Several weeks ago, on Lag B'Omer, I joined our community for a rustic excursion to a vast outdoor park. As part of the program, there was a circus show, performed by a husband and wife team. They performed incredible feats of balance, control and co-ordination. At one point, my heart was racing so quickly, as I watched them masterfully balance on the unsteady surfaces while performing heart-stopping tricks.

The highlight of the show, however, was when the couple's young son joined in their unnerving feats. He balanced himself upside down on his father's shoulders—who himself was balanced on a high and unsteady surface—while the youngster performed all kinds of acrobatic, daredevil jumps in the sky landing upside down, his outstretched fingers locking with his father's.

As much as the anticipation grows for each of these daredevil feats, was it possible that in this performance an even greater tension could be sensed?

I don't think it was only my imagination, but the show took on an even greater intensity in these moments because we were aware that the young child balancing on the strong adult's shoulders was not "just" a child, but his son.

As his mother pressed the hoops into his arms for his challenging jumping routine, was she also conveying a kindly extra nod of encouragement, more than she would for any other fellow performer? And as his father stood by his side to take the final bow, was the pride evident in his eyes more for his son's amazing antics than for his own?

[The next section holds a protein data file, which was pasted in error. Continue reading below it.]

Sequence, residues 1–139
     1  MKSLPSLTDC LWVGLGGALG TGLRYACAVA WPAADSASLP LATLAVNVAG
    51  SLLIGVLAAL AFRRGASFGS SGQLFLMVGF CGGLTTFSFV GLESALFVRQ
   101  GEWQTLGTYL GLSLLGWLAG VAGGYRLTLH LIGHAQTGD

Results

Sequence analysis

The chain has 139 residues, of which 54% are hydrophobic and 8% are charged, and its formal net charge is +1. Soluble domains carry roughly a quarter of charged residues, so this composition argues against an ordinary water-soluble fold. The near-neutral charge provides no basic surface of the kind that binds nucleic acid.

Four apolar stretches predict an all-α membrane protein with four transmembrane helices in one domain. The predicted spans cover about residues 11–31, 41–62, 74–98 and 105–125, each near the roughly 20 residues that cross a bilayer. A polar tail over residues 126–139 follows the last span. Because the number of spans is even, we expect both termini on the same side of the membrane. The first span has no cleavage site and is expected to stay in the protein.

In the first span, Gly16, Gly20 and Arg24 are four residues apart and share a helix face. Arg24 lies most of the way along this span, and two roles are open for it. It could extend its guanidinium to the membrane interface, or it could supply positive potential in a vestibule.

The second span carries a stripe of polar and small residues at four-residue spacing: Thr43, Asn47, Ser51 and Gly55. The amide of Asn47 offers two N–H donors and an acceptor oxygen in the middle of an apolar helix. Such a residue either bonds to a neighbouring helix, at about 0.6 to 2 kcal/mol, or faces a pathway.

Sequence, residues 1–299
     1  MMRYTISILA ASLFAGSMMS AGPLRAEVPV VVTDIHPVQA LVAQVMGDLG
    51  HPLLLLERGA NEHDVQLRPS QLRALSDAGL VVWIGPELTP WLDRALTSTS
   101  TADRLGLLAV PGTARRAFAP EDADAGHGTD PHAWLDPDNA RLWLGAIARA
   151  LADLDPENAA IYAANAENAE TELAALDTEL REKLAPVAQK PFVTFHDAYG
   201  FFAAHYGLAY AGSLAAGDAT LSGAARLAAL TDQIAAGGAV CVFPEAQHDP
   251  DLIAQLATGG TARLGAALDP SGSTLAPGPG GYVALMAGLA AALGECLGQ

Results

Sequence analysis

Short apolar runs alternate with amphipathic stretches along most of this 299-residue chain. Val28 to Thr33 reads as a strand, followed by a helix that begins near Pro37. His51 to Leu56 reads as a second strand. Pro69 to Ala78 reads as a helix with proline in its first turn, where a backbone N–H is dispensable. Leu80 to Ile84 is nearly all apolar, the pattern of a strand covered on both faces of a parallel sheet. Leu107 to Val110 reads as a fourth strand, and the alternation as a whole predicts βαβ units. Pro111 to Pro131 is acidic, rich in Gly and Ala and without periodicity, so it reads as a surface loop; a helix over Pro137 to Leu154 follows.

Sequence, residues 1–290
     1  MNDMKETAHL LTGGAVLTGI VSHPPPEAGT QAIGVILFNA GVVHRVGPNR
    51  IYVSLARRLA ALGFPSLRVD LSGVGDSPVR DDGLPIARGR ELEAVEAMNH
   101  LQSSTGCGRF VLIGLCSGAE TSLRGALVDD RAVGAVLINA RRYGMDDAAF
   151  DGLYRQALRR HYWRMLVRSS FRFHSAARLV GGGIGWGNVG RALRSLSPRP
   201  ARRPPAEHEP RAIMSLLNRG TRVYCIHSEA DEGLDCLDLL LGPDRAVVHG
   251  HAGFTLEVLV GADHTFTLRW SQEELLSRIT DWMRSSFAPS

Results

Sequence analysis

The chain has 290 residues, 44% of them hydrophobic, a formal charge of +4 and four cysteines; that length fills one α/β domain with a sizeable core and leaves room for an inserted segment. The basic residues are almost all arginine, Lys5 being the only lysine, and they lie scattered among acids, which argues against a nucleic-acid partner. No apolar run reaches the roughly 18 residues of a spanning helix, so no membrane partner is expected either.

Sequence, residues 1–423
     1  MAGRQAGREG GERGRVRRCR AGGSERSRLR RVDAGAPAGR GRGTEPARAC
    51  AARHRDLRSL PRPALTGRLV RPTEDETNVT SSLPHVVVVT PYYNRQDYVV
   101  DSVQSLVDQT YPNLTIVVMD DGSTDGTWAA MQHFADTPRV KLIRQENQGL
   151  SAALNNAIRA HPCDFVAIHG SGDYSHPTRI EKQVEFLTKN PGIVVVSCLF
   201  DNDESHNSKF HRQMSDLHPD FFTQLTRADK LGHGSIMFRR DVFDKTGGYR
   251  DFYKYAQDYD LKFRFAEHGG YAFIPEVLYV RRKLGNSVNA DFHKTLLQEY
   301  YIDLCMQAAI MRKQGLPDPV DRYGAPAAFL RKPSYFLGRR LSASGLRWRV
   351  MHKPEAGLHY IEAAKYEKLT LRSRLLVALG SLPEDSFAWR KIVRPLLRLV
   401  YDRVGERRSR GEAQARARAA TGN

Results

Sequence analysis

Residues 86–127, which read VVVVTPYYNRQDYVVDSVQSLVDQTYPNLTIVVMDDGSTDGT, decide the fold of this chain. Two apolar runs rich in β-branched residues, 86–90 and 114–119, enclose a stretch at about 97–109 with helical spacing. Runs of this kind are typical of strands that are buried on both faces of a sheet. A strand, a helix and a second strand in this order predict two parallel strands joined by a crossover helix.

True, every performer's heart constricts until he sees his fellow performer successfully land after mastering a thorny trick. Each works hard to contribute his part so that the performance as a whole can succeed. No doubt, a close knit bond of kinship develops among each member of these performing groups.

But here that bond was palpably more evident. After all, this was his son. Her son. He was not just any performer, not just any child, but theirs.

As I watched the show, I thought of this underlying emotional tension.

I thought of how when we see friends or acquaintances going through an issue, a challenge or a temptation in their life, how we empathize for them and try to help in any way possible.

But watching this parent-child trio, I thought that if somehow we can view our friends or acquaintances as part of our family, would our perspective be different? If we could somehow convey true compassion, acceptance, love and self-interest in their success—would that intensity somehow make a tangible difference in their positive outcome?